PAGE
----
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How Do Energy Efficient Windows Work?

August 10, 2015

As the days seem to get hotter, our energy bills seem to get bigger as if they were being fed Miracle-Gro. The world is more aware of the need to conserve energy at every possible chance. Moreover, for those of us in Texas, we know where a lot of the heat in our houses is coming from: our windows. While it is nice to be able to see the world outside, by letting in so much sunlight, we also have to fight the side effects of heat and UV ray damage.

The inspiration for windows that help correct the effects of the sun was a natural evolution, and like many feats of engineering, has only gotten better with time.

Energy efficient windows are not that different from other types of windows. In fact, they look the same as other windows. However, the biggest advantage of energy efficient windows is simple - they cut our energy bills. There are many types of green windows, so here is a look into some of the many features offered:

Glass Coatings

Low-emissivity coatings (also known as low-E) are popular. These coatings can reflect the rays of the sun away from your house, thereby keeping a fair amount of heat from getting inside your windows. Glass treated with low-E absorbs less than 35% of the sun's heat rays, while regular glass absorbs about 84%. This coating also helps to keep heat inside your house when it is cold and outside when it is hot, thus cutting down your electric bills. All these coatings are see through and do not obstruct your view or alter the natural sunlight that comes through them.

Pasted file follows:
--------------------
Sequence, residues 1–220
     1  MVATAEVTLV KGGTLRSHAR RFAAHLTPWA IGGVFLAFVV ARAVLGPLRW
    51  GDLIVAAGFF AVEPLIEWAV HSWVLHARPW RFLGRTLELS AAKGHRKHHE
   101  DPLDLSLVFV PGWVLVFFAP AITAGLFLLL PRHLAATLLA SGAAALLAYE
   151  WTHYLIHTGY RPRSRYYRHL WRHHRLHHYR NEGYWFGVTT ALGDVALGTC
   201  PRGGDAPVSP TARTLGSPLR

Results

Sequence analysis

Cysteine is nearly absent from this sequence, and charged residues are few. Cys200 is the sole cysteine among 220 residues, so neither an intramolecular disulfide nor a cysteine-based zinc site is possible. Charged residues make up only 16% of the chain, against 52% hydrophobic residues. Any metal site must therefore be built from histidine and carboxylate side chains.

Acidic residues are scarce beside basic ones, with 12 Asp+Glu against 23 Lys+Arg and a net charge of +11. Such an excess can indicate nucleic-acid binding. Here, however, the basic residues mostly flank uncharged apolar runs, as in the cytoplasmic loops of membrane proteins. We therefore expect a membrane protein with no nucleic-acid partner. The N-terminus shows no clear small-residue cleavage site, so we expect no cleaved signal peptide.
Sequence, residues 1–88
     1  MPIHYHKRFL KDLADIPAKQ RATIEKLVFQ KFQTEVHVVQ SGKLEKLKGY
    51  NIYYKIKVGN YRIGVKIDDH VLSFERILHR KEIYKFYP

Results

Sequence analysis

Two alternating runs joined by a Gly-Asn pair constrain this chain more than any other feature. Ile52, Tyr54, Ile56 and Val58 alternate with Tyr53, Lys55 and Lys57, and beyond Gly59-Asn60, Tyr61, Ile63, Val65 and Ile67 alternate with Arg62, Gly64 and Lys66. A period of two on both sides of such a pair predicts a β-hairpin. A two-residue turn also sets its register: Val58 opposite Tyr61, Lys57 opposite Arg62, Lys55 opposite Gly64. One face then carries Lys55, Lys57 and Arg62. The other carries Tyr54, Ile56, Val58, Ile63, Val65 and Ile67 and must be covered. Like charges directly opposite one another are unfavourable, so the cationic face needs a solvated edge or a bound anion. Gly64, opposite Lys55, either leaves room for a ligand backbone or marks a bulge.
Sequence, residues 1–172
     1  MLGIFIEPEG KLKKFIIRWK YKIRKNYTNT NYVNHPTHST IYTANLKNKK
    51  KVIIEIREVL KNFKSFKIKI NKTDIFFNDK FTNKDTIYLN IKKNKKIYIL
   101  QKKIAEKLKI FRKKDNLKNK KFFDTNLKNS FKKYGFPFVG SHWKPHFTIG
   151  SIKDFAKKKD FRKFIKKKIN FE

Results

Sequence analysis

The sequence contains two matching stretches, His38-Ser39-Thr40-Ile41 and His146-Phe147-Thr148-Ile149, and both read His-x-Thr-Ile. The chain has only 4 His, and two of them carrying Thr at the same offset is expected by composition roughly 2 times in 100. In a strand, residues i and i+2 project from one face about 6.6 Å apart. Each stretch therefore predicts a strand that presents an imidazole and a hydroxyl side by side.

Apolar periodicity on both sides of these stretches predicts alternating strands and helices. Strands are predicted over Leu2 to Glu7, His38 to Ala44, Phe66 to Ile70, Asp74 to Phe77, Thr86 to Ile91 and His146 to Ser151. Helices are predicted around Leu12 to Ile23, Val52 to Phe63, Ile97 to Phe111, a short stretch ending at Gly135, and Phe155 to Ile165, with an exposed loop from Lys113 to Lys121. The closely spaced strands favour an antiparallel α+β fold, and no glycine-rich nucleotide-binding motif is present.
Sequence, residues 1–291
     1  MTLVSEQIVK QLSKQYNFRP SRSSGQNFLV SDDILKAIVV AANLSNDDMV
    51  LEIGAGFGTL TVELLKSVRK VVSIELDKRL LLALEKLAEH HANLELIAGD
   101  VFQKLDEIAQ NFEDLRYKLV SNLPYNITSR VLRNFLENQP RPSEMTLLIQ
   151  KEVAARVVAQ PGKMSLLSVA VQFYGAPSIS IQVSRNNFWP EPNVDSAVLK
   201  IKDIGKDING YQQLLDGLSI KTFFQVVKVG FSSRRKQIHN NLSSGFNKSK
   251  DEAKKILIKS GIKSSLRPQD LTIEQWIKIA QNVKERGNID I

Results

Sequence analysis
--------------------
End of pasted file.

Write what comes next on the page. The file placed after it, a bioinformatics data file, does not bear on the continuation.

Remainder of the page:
Spacers systems

Spacers are structural foams made from polymer. The primary function of spacers in energy efficient windows is to create a gap between the two glass panes in the unit. Commonly made of metals, they can also be made from other materials such as silicone, vinyl, and fiberglass.The benefit of using these spacers is to provide relief to the glass panes. Stresses due to differences in temperature can cause the glass panes to expand and compress to some level. The compression and expansion of these panes lower the rate of heat loss (usually denoted as U) by 0.1. The higher the value of U, the lower the efficiency of these windows becomes. The smallest value of U is recommended as they have more efficiency, thus getting the most out of your Windows. Warm-edged spacers come with an added plus of creating a larger thermal effect. It can do this by increasing the affected area beyond the windows edge. Spacers also use a seal to protect against moisture while providing insulation.

Gas Fills

Makers of energy efficient windows also use inert gasses, such as argon or krypton, to great advantage. The gasses are carefully injected between two gas panes to act as a barrier between your home and other outside elements. These gasses have the ability to improve the thermal performance of energy efficient windows and are also clear, odorless and non-toxic. Krypton is thought to work better and is more expensive. It is also the only gas that is ideal for thinner areas that are less than a half an inch. Argon, on the other hand, works well in a typical half-inch glazing. These two gasses can also combine, which could be both practical and more affordable.


When deciding on which energy-efficient window to choose, consider the type of frame it has. Frames that are non-metal have a more improved thermal performance compared to metallic models. Thermally improved non-metallic frames can also optimize your investment in energy efficient windows.[/vc_column_text][vc_column_text]So now that you see there are many different ways to increase the energy efficiency of your windows, you can pull open those shades again and see what is happening in the world again! Wait, is that a brand new Starbucks they put up right across the street?Call Green Energy of San Antonio today and we can get some lovely new energy efficient windows installed for you even faster than another Starbucks can be put in right down the block!